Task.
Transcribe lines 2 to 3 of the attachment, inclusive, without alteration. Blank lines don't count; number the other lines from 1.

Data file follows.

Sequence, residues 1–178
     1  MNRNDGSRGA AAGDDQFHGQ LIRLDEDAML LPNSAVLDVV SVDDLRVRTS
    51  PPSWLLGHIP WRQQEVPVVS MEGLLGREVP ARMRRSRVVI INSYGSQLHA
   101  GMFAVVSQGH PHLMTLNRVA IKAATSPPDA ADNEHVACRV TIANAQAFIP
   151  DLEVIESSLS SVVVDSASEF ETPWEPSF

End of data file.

     1  MNRNDGSRGA AAGDDQFHGQ LIRLDEDAML LPNSAVLDVV SVDDLRVRTS
    51  PPSWLLGHIP WRQQEVPVVS MEGLLGREVP ARMRRSRVVI INSYGSQLHA